UBC Library’s Trish Rosseel and Cindy Underhill from UBC’s Centre for Teaching, Learning and Technology were recently invited to a radio interview on the Dotto Tech radio show. Trish and Cindy spoke about the Digital Tattoo project.

You can listen to the interview here: Digital Tattoo on Dotto Tech

And you can find out more about Digital Tattoo here.

An article on a digitization project at the City of Vancouver Archives appears in the Vancouver Sun. This project, which involves the digitization of panorama images, received support from the B.C. History Digitization Program, an initiative of the Irving K. Barber Learning Centre.

You can view the article here, and find out more about the digitization program here.

An article on a digitization project at the Jewish Museum and Archives of British Columbia appears in the May 20, 2011 issue of the Jewish Independent. This oral history project received support from the B.C. History Digitization Program, an initiative of the Irving K. Barber Learning Centre.

You can view the article here: Jewish Independent

And you can find out more about the digitization program here.

Book reviews

This article is from Business in Vancouver April 5-11, 2011; issue 1119

King of Capital: The remarkable rise, fall, and rise again of Steve Schwarzman and Blackstone

by David Carey and John Morris

Crown Business, 2010

This book provides an excellent introduction to the world of private equity and its many permutations for those of us who are non-finance majors. More a biography of the industry than of Stephen Schwarzman himself, King of Capital chronicles the recent history of the leveraged buyout (LBO) industry, with descriptions of financial deals and examples that help to define industry concepts and techniques. But the book is no dry tome – the authors mix in enough intrigue, drama, financial complexity and high- society hustle to make a fascinating story.

They also worked co-operatively with Schwarzman, who is largely portrayed as a responsible, level-headed and brilliant investor.

Though Blackstone began as a modest two-man firm with $400,000 in capital, it grew to be a powerhouse by the time of its $4 billion IPO in 2007. Pete Peterson, senior founding member, had been U.S. secretary of commerce and economic adviser to Richard G. Nixon, as well as CEO of Lehman Brothers. Peterson recruited Schwarzman – a Harvard MBA and partner at Lehman – to help start the new M&A boutique firm in 1985.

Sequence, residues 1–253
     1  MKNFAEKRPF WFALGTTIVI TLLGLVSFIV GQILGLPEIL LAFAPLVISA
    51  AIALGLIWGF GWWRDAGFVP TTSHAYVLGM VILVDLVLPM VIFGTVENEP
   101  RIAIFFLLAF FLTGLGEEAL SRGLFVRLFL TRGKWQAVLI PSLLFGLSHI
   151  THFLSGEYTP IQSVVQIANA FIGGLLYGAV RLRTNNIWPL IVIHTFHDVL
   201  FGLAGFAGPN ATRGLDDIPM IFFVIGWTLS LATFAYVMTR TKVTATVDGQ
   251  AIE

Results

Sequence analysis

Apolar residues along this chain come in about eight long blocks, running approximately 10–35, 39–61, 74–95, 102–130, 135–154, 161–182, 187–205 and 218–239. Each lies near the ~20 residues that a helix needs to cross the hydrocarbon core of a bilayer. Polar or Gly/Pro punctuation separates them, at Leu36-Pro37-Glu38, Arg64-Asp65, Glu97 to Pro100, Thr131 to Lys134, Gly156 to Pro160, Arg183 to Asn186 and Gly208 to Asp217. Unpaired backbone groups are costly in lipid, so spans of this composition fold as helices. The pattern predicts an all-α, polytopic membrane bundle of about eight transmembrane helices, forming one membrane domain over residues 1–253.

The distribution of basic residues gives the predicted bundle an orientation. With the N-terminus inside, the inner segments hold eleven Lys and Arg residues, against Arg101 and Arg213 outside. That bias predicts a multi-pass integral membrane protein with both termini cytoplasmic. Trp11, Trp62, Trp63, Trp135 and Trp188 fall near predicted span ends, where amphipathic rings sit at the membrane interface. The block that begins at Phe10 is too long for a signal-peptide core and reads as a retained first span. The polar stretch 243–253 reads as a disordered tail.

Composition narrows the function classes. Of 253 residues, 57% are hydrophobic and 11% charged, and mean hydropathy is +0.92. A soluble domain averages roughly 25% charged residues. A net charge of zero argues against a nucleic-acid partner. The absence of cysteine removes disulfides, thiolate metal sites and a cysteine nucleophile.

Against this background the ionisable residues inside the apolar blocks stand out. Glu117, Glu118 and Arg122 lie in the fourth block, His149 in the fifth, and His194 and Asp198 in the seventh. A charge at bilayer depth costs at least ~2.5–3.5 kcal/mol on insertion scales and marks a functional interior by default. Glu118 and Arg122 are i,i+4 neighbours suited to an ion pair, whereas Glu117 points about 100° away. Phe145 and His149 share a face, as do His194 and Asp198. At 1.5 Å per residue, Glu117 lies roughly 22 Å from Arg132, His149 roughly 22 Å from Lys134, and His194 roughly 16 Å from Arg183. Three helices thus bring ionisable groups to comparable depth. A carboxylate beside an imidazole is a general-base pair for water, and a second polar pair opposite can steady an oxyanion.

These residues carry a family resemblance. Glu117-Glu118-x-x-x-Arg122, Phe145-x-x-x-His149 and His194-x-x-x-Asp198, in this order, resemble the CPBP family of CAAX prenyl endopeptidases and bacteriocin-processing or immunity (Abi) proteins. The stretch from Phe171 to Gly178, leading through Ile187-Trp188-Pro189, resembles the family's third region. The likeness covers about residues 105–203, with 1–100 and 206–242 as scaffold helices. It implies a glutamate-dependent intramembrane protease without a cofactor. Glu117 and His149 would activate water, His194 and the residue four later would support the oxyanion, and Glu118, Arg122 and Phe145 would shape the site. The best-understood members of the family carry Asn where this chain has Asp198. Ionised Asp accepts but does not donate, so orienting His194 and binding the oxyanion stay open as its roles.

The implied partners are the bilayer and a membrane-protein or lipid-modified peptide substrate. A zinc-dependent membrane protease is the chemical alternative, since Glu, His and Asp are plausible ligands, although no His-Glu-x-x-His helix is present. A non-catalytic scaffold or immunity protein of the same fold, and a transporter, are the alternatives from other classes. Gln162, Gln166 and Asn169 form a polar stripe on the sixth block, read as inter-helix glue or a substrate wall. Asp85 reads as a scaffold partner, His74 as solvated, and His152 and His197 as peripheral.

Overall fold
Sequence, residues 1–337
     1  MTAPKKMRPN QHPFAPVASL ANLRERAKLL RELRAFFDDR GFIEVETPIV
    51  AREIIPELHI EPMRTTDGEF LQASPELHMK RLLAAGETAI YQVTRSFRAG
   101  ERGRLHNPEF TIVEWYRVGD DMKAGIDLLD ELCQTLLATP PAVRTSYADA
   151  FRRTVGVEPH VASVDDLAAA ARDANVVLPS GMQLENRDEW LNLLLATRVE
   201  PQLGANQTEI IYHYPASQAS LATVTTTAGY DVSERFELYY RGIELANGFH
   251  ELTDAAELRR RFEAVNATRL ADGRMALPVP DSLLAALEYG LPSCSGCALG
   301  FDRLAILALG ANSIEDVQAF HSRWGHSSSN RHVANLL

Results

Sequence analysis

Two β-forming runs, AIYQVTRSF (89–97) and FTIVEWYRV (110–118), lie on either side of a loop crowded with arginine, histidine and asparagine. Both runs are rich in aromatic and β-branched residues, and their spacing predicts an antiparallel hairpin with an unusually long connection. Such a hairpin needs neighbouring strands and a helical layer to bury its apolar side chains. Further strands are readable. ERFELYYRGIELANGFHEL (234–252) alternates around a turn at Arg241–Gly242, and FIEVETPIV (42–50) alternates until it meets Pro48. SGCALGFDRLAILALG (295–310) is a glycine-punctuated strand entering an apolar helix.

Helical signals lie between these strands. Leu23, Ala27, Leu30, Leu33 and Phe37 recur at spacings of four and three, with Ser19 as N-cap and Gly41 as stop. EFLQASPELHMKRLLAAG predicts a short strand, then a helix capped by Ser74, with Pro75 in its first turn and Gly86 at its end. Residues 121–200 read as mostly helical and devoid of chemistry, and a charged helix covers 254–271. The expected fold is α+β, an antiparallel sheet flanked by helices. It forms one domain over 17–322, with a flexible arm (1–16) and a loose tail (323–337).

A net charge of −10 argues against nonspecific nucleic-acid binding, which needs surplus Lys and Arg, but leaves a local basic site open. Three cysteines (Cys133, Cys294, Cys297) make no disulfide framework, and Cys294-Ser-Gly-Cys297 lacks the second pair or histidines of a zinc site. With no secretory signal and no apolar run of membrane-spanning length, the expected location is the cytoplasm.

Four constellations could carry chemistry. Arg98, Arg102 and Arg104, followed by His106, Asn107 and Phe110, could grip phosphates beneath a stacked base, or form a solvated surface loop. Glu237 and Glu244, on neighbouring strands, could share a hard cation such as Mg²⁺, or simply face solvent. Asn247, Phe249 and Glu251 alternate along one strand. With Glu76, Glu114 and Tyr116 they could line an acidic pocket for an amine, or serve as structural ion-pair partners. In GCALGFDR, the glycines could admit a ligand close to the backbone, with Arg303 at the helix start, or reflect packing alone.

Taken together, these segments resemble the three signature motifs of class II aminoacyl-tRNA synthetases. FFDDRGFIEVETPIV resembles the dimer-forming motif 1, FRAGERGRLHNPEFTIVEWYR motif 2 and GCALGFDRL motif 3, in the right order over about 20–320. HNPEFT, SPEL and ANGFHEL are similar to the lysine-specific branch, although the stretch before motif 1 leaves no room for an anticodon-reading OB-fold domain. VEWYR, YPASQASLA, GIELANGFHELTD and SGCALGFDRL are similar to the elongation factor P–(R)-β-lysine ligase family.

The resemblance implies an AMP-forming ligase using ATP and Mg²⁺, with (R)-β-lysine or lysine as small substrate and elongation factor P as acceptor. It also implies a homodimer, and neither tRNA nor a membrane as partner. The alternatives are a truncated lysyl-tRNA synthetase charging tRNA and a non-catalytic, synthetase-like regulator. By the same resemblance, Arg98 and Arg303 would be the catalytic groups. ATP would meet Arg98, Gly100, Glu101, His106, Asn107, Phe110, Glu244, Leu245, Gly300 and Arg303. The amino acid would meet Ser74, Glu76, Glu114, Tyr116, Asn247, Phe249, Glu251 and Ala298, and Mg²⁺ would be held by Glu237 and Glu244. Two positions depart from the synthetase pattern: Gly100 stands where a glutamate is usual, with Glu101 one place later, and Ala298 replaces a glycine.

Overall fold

Following Blackstone’s IPO, rival private equity firm Kohlberg Kravis Roberts filed with the SEC and listed its shares on the Euronext exchange in 2009. A fascinating side trip showcases the hunt for capital in the firm’s early days. Although initial fundraising proved much harder than the partners had expected, eventually they managed to bring on Japan’s Nikko Securities, Prudential Securities and the General Motors pension fund as investors.

Early on, Blackstone had a decision to make – work on behalf of company management in buyouts or join the ranks of corporate raiders and hostile takeover artists?

Blackstone opted for the former strategy and grew to earn the trust of such companies as Ramada, Howard Johnson, Allied Waste, United Biscuits and publisher Houghton Mifflin Co. The other strategic focus of the firm – and Schwarzman’s mantra – was to minimize risk and avoid losing money. As a result, Blackstone proved to be more cautious than other buyout firms and was able to weather the downturn of the late 1980s, when rivals failed.

Blackstone emerged from the financial crisis on a solid footing, having diversified into hedge fund and advisory services in addition to its private equity business. As it rose from modest beginnings to become an industry giant, its founders became society figures and conspicuous consumers. The book begins with Schwarzman’s 60th birthday party, a lavish Manhattan affair that featured Rod Stewart and comedian Martin Short, and added to the infamous reputation of the LBO industry.  •